Narrating the Classical Past (7)
Chandra Mukerji University of California, USA
The Canal du Midi was celebrated in books on engineering from almost the moment of its completion, and its history told and retold along with descriptions of the technical accomplishments (Belidor, 1753; Bouillet, 1693; La Lande, 1778; Vallancey, 1763). Starting at the turn of the 18th century, there was a prolifera- tion of books on engineering, so its fame spread. And in France, the canal was used as a model of infrastructural engineering that entered pedagogy with the opening of the great French engineering school, the Ecole des Ponts et Chausées, in 1747. In the literature that served the formalization of engineering, the canal was compared to the work of the Romans, and sometimes even presented as a Roman project that the ancients had failed to realize. The canal was represented as a set of structures, too, and less a conduit for controlling water flows.
The role of peasants and their contour cutting to control inclines was minimized in these histories. Riquet was made the only indigenous hero of the story – a natural genius. He had claimed many vernacular techniques as his own inventions in his letters to Colbert, and historians repeated these claims, attributing many types of local knowledge to a single mind (Rolt, 1973).
Technical achievement was equated with formal control. Books defined engi- neering as a literate tradition. It excluded tacit knowledge, knowledge of local materials, silting problems, and soils. It also excluded knowledge of local weather and water problems, denying Roman heritage as a living tradition. Peasant women’s accomplishments were formalized and attributed to educated men.
Often the king was named the author of the canal; as an object of his will as sovereign, the canal was in a political sense ‘his.’ As Charles Vallancey, anti- quarian and founder of the Royal Irish Academy, put it:
Of all the great Works executed by Lewis XIV, there is none more useful, more magnificent, nor that does more honour to that Reign than the Canal which joins the two Seas by Languedoc…M. Riquet has not less Merit for putting the Success of [the Canal du Midi] past all doubt…. M. Colbert, pleased at his great genius, took [Riquet] into Protection, by which he surmounted those Obstacles which personal Interest too often opposes to the Publick Good. (Vallancey, 1763: 109)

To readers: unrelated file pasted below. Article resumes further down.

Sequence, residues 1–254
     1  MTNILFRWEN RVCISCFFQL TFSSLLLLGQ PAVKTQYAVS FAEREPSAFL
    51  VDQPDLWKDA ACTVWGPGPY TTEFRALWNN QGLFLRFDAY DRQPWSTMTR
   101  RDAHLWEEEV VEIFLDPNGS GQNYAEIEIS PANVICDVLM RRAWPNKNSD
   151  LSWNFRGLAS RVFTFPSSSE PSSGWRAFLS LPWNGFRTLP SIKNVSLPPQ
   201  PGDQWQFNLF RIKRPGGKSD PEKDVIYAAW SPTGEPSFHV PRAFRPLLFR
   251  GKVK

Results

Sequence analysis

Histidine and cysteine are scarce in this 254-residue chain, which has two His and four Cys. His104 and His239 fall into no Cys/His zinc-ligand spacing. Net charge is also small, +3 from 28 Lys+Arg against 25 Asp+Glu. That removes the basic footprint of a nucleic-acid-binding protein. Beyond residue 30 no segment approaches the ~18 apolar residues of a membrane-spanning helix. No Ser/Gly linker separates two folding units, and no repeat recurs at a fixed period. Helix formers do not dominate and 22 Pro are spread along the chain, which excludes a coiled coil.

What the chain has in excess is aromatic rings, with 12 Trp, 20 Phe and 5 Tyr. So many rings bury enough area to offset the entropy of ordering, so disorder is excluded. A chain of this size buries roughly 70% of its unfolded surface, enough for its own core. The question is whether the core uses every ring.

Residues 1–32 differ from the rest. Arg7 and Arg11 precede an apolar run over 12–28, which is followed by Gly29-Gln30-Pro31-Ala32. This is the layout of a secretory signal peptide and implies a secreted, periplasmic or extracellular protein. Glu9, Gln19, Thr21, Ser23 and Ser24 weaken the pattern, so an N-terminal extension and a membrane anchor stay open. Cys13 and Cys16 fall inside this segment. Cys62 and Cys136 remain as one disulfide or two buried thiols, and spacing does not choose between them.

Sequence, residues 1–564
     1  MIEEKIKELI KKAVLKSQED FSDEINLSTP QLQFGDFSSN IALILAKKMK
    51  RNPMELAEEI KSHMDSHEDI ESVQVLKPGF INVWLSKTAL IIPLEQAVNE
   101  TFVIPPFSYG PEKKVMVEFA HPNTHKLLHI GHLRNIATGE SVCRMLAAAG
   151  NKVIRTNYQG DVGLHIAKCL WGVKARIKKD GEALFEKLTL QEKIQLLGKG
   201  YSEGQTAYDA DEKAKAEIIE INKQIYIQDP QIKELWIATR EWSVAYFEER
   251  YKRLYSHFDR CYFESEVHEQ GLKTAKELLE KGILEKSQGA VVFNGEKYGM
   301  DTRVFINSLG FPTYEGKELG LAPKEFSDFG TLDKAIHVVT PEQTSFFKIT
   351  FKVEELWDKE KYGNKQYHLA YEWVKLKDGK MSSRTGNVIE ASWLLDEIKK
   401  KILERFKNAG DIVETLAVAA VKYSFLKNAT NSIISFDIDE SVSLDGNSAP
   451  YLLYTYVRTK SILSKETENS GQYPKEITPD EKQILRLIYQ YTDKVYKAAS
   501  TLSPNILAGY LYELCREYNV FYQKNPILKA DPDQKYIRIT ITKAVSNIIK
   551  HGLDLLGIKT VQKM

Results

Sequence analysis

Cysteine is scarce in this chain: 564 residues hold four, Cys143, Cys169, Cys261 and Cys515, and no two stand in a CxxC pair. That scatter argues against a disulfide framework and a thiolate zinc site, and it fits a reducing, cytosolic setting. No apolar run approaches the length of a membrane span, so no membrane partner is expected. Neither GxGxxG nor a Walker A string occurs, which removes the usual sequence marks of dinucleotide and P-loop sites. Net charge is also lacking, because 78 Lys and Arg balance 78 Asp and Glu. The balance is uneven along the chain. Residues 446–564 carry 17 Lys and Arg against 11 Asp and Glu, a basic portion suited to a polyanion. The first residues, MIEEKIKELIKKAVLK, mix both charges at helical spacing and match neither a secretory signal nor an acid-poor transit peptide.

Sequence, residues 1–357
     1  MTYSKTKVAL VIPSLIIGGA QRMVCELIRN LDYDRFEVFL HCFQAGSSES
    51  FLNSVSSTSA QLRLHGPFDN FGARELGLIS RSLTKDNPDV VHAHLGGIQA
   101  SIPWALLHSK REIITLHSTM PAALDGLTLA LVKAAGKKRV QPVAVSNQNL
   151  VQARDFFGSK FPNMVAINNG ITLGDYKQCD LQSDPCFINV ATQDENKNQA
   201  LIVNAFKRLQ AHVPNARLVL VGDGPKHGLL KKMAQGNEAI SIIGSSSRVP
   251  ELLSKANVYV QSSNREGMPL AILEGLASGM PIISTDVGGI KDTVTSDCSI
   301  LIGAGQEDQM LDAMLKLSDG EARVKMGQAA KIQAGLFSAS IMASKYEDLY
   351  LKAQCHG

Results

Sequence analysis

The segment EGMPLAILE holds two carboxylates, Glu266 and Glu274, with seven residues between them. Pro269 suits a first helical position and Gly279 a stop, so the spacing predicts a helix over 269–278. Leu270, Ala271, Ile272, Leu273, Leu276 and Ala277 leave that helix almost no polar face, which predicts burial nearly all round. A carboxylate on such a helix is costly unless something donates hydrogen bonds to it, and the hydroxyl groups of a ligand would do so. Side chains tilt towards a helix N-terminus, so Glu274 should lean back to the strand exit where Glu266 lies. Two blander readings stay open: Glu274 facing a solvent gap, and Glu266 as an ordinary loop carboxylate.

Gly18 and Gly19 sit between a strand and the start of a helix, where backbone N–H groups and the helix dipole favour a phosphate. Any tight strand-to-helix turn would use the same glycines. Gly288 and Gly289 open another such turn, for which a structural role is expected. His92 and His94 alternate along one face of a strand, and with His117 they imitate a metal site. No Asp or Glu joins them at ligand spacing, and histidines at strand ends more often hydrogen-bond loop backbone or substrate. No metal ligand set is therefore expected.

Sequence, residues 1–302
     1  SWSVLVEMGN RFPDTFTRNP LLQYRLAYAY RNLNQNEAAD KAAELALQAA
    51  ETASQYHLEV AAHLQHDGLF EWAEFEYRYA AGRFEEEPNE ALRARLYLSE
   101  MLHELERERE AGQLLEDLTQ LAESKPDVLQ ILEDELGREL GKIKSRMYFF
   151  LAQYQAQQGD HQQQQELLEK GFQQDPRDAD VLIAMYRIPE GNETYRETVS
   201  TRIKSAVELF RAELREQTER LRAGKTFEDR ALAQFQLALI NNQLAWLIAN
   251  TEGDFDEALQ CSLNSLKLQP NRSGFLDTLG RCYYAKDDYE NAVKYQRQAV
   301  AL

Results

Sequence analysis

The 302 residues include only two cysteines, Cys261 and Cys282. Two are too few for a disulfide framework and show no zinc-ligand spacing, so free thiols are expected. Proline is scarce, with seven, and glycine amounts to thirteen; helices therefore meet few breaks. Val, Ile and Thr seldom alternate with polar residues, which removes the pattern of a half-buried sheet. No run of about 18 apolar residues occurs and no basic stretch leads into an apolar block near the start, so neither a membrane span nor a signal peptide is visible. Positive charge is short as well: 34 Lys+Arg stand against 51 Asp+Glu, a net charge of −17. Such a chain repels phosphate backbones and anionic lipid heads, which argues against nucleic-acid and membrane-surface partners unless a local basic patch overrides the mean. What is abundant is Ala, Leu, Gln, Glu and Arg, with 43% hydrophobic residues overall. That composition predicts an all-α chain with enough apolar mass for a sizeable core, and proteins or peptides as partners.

Oddly, the military engineer, Vauban, was given a great deal of credit for the Canal du Midi even though he did very little work on the project.
[T]hus Vauban had the honour of bringing this Canal to perfection. A Canal which all the World acknowledges to be the greatest piece of Hydraulic Architecture, that ever was undertaken, and which is of infinite Consequence to the finest Princes in France, thro’ which a great Trade is carried on from Sea to Sea…. (Vallancey, 1763: 116–17)
In fact, Vauban had contempt for much of the engineering, made clear he wanted no part in it, and only agreed to fix problems with the waterway after it had been in use, and Riquet was dead. And many techniques attributed to him in engineering books were in fact common in Pyrenean water systems: back drains, ditches, and settling ponds. Why was Vauban treated with such overblown reverence? Because he was the ideal New Roman. He was a military engineer who read classical literature.
Clear rules of cultural genealogy were exercised in this literature. Artisans and laborers were not thought to be lofty enough to be descendents of Rome. A heritage of greatness could also not be explained in the engineering literature as a product of tacit knowledge, and peasant community life. Techniques had to be formalized to enter the literate culture that defined engineering as a lofty profes- sion. Success had to be attributed to genius. These rules were ways of managing provenance – purifying the classical past and associating Rome with military virtue. It included masculinizing and individualizing collective knowledge to asso- ciate it with genius, and dissociating it from practices that peasants could learn.
The irony was that the Canal du Midi was built with classical techniques. Ancient techniques were mobilized to build the New Rome. Ancient engineer- ing was the common heritage that allowed collaborative problem-solving to occur. This was the ‘hidden country’ of the classical past, where Roman tech- nique was carried by peasants and artisans. Classical culture was actually masked by rules of cultural inheritance that defined those who were great enough to carry ‘Tradition.’ France could use the legacy of Rome to claim greatness, but only by erasing the work of peasants – mainly women – who taught classical hydraulics to gentlemen at the Canal du Midi.
Papers from the Archives du Canal du Midi are marked as ACM with a file and document number. Some of the documents are titled; others are not. There are a few printed sources from the archives:
Le 14 octobre 1666, l’Arrêt d’adjudication des ouvrages à faire pour le canal de communication des Mers en Languedoc est promulgué. Ce même jour, le Roi ‘fait bail et délivrance à M. de Riquet des ouvrages contenues au Devis’ préal- ablement défini sous l’autorité du Chevalier de Clerville. Reprinted in ‘Edit du Roy pour la construction d’un canal du communication des deux mers, Océane & Méditerrannée. ACM 03–10.
Claude Bazin, ‘Bail et Adjudication des Ouvrages à Faire Pour la Continuation du Canal et du Port du Cette, 20 Août 1668’, 9, section x, Archives de Canal du Midi (ACM), folder 07, item12 (07–12).
Adgé, Michel (1992) ‘L’Art de l’hydraulique’, in Conseil d’Architecture, d’Urbanisme et de l’Environment de la Haute-Garonne, Canal Royal de Languedoc: Le Partage des Eaux, pp. 202–3. Caue: Loubatières.
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